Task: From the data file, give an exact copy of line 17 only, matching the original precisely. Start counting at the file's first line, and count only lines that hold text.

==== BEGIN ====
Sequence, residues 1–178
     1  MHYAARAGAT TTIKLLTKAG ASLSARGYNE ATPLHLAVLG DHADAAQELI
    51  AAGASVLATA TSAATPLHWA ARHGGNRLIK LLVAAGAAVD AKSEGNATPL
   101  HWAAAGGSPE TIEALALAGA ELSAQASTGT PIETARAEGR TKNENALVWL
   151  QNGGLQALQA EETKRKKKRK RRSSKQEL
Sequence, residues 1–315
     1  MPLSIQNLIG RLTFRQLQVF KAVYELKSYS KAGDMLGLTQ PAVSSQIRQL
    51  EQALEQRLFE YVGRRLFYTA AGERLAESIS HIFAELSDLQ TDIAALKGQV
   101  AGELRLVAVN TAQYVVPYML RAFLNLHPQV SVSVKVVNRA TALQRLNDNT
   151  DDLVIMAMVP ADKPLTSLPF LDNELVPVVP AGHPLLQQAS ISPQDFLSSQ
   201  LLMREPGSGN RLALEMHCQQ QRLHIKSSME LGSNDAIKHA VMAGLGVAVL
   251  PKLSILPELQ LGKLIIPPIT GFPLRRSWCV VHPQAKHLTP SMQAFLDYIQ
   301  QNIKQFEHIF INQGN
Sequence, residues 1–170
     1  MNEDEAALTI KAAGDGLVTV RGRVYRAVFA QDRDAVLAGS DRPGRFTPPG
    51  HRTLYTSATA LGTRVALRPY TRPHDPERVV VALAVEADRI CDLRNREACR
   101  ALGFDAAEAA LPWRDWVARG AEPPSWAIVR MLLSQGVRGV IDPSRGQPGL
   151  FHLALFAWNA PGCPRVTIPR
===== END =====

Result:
   101  ALGFDAAEAA LPWRDWVARG AEPPSWAIVR MLLSQGVRGV IDPSRGQPGL